Our world is changing before our very eyes.

When things are all doom and gloom, it can be easy to forget the possibility that some of the challenges we’re experiencing right now might actually affect change in a good way. Even though we all love to have in-person experiences and relationships, there is a lot to be said for the ways we’re now able to connect, work, talk, and collaborate from afar. Employers and employees check in on each other differently today than they did a year ago. Friends care a bit more, appreciate each other a bit more, today than they did a year ago. Relationships, although distanced, have also never felt closer.

I heard this really interesting Kabbalah recording the very first week of the pandemic, and it was very helpful in terms of framing things for me. There were two key components:

  • One was this concept in Kabbalah called the “Proactive Formula.” It explains that, in all circumstances where you might normally react, you have the opportunity to take a step back and ask how you can be proactive in that circumstance. This allows us to move out of a victim mentality, and instead act from an empowered space.
  • Second was how, in so many cases, some of the biggest creative ideas have come out of moments of desperation — and how, even though pressure feels difficult in the moment, it almost always leads to some sort of breakthrough and positive result.

We are feeling this pressure right now, but it’s important to remember the ways in which we are growing as well.

And one of my challenges is that I tend to judge myself if I’m not happy and optimistic all the time. That’s not healthy either. It’s ok to feel tortured right now and to acknowledge the reality of that pain. It’s not always about reframing everything in a more positive light. Part of being open to the change is about accepting the good, bad and the ugly. And it’s ok to feel emotions of all sorts along the way.

3. Find new ways to practice self-care.

Self-care is at the absolute top of the list for “things to do in 2020.”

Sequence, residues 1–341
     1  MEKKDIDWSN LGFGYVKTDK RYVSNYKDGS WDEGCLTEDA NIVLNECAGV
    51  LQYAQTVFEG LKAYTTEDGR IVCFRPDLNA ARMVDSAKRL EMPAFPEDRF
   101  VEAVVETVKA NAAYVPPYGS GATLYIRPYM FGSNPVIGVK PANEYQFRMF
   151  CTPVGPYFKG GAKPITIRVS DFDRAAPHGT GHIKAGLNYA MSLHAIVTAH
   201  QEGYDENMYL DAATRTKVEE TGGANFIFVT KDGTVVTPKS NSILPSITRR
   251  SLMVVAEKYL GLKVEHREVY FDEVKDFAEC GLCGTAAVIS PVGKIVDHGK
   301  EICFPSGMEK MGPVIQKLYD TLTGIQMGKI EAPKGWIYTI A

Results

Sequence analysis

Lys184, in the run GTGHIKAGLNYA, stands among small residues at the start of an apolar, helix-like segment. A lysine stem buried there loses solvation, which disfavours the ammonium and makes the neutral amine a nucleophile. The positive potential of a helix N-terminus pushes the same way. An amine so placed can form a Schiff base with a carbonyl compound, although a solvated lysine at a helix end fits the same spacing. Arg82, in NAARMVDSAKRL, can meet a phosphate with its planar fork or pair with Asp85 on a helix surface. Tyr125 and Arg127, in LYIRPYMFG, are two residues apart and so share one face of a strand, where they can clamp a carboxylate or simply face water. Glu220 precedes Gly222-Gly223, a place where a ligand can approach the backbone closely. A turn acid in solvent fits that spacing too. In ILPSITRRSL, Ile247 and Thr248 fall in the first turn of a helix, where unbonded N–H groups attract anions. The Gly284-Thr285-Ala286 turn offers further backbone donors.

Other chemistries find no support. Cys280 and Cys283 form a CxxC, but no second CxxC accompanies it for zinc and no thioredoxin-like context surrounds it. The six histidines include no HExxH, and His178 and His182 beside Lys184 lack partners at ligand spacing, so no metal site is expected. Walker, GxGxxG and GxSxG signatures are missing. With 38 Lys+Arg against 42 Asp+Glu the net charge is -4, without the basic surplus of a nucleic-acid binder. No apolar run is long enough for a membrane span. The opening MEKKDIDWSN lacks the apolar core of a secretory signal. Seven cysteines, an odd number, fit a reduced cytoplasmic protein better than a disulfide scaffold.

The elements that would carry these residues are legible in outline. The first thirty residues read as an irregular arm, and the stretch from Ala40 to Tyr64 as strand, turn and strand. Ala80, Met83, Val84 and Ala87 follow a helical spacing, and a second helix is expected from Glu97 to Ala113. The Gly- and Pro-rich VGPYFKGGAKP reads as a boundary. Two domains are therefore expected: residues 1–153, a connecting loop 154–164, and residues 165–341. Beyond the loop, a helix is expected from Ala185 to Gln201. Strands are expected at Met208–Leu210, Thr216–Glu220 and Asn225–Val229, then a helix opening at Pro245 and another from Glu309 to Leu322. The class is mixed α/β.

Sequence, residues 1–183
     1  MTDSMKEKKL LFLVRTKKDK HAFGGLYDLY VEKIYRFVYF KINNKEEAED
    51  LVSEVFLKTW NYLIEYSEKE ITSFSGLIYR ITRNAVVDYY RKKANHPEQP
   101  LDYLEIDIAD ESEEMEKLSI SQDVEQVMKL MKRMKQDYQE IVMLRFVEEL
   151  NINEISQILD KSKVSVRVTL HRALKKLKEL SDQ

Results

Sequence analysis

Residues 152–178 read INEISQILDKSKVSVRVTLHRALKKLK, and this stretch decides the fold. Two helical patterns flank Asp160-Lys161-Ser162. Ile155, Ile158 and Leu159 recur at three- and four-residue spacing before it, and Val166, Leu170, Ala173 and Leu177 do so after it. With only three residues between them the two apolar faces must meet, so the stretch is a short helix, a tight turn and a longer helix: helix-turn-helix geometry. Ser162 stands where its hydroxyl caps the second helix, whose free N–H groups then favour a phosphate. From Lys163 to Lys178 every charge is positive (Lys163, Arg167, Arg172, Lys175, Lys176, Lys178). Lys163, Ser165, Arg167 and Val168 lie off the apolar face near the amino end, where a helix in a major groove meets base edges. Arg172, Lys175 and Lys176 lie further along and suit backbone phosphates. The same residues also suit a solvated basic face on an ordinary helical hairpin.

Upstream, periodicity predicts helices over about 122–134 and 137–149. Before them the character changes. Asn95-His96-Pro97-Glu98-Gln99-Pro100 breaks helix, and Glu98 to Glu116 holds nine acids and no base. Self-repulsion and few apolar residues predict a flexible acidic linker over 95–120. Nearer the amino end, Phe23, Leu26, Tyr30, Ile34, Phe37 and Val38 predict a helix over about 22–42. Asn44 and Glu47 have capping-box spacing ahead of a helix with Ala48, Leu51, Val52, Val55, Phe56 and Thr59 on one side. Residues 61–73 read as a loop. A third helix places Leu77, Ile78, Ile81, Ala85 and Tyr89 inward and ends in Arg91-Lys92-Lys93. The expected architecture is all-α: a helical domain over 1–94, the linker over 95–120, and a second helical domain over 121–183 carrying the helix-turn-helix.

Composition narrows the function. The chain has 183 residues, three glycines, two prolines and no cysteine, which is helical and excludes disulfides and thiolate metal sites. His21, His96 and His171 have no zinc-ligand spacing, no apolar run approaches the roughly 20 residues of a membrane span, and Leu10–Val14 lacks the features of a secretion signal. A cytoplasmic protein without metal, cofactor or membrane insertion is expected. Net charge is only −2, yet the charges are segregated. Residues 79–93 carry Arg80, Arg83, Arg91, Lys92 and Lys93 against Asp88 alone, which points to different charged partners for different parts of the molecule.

Self-care means different things for different people. It could be as simple as amping up your beauty routine with regular at-home facials. Or a consistent workout regimen (I’m nothing without this). Or quality time with yourself to read and decompress. Or for some, binge-watching a new show on Netflix is self-care. Bottom line: anything goes. It’s about doing something that makes you feel good, cared for, and relaxed.

One of my self-care habits has always been my nightly bath. Another is my dance classes (even Zoom dance classes count). Recently, I started incorporating a new self-care routine with my friend, Sheila of @sketchpoetic, which was 21 days of sketching. Every evening, I sketched as a way of expressing my thoughts, releasing the unconscious stuff I’d been carrying around all day onto the page. It’s pretty amazing and I highly recommend it — I definitely expressed and unloaded (and we all have a lot of expressing and unloading to do these days).

The reason I am such a big believer in self-care rituals is because, in addition to the benefits of the rituals themselves, we build a consistent practice over time. Our rituals demonstrate commitment…to ourselves. Every time we sit down to do the thing we said we were going to do, we not only are taking care of ourselves in the moment, but we’re training ourselves, making it easier to take care of ourselves again the next day, and the next day — until all of a sudden, self-care has become an integral part of our lives. It’s not some big event we have to force ourselves to do — it starts to happen naturally. The nightly bath (or sketching or reading or meditating) can be just twenty or thirty minutes before bed, the same as any other night.

When big events like COVID-19 happen in life, they really put our self-care practices to the test. We’re far better off taking care of ourselves consistently, little by little, day by day, so we can handle anything that comes our way.

At the end of the day, COVID-life is challenging. There’s no way around it. But as is always the case, if we can support and take care of ourselves, we will be better both for ourselves and for others… and the world needs us right now.

Amy Stanton is the founder and CEO of Stanton & Company and co-author of "The Feminine Revolution."